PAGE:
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Bennett had a reputation for providing exceptional clinical care and for being extremely dedicated to her patients. In the classroom she taught her students: “Quality care first and all else will follow.”
She earned a bachelor’s degree in biology from McGill University. After graduating from BU, she completed an internship in family medicine at Cook County Hospital in Chicago and went on to a residency in internal medicine at Boston City Hospital, now Boston Medical Center, where she served as chief medical resident. Bennett joined the BU faculty in 1989, when she was appointed a MED clinical assistant professor of medicine.
She served as assistant director of medicine, visiting physician, and program director for Boston City Hospital and was a staff physician at Uphams Corner Neighborhood Health Center in Dorchester, Mass. She was a leader in health care administration at Neighborhood Health Plan and Boston Medical Center HealthNet Plan and was chief medical officer at Senior Whole Health.
Bennett was known for her zest for life and her love of the ocean, and for driving her Volkswagen convertible, exploring new places and restaurants with her life partner, Sharon Hanson, traveling to the Caribbean, and enjoying the company of good friends and family. Madeline Rosenberger (CAS’14, COM’14)
Michalski, a world-renowned Polish philosopher, was born in Warsaw in 1948. He received a master’s degree in 1969 and a PhD in 1974, both at the University of Warsaw. He became a visiting professor of philosophy at Boston University in 1986 and a professor in 1990. His students remember him as a lively teacher with a dry sense of humor and a million stories to tell.
He was rector of the Institut für die Wissenschaften vom Menschen (the Institute for Human Sciences) in Vienna, an independent institute
for advanced study in the humanities and social sciences that promotes, among other things, “intellectual exchange between East and West.” BU graduate students can spend a semester or a year in Vienna working in the institute’s offices, learning about politics, art, and religions of the world.
Michalski was also Erasmus Chair at the University of Warsaw and a professor of philosophy.
In 2010, Michalski was elected president of the European Institutes for Advanced Study. It was one of many organizations, societies, commissions, and councils on which he served during the past 30 years. He received numerous awards for his efforts to generate peace and understanding. Among these honors were the Officer’s Cross of the Order of Merit of the Republic of Poland and the European Cultural Prize.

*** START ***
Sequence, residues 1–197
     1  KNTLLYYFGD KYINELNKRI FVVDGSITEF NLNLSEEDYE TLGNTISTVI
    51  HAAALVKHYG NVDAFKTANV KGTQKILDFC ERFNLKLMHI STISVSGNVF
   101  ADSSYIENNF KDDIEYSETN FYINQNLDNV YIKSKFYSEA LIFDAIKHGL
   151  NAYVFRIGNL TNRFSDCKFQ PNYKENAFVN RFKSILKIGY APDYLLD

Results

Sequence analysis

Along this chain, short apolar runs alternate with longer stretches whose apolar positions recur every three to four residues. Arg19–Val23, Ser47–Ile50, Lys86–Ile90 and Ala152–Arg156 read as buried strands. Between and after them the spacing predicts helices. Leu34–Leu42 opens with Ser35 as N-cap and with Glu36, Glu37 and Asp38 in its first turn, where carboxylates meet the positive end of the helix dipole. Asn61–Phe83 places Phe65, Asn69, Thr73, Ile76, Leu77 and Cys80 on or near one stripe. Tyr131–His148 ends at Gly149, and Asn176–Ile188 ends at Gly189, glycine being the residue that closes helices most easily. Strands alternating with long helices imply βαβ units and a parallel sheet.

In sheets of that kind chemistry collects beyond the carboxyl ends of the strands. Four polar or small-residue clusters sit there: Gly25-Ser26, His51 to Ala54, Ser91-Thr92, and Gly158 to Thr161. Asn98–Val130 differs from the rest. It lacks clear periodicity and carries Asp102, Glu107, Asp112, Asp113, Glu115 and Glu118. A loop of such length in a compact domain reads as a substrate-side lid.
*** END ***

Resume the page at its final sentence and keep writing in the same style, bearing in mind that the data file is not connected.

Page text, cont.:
In 2004 he was awarded the 39th Theodor Heuss Prize, which cited his role “in the deepening of the political and cultural dialogue between East and West. Before 1989 he contributed to the liberation from Communism, and in the 1990s he supported the development of a democratic civil society in the countries of Central and Eastern Europe.”
Writing in the New York Review of Books, Timothy Snyder described Michalski as “one of the architects of the Europe that emerged after the end of communism….He devoted his life to the risky proposition that philosophical discussion, in the right setting, could bring together Poles and Germans, Eastern and Western Europeans, and eventually Europeans and Americans.” MR
O’Hern earned a bachelor’s degree in health and physical education from Sargent College, a master’s in counseling from Michigan State University, and an EdD in counseling from BU’s School of Education.
During her long career at BU, O’Hern served as a professor and an administrator. She also was a practicing psychologist for 40 years. At SED, she was director of international education and chair of programs in counselor education and counseling psychology. In 1972, O’Hern joined MED, where she was instrumental in developing the mental health counseling and behavioral medicine program within the school’s Division of Graduate Medical Sciences. She was a part of the Mental Health Task Force at the University, planning new approaches to teaching and training those going into the mental health professions.
O’Hern also was an avid traveler and enjoyed playing tennis, cards, and Keno, according to the Boston Globe, which described her as “full of life, independent, honest, generous, determined, intelligent, funny, stylish, and very much loved.”
O’Hern “was beloved by faculty, staff, and students,” says Karen Antman, provost of the Medical Campus and dean of MED. MR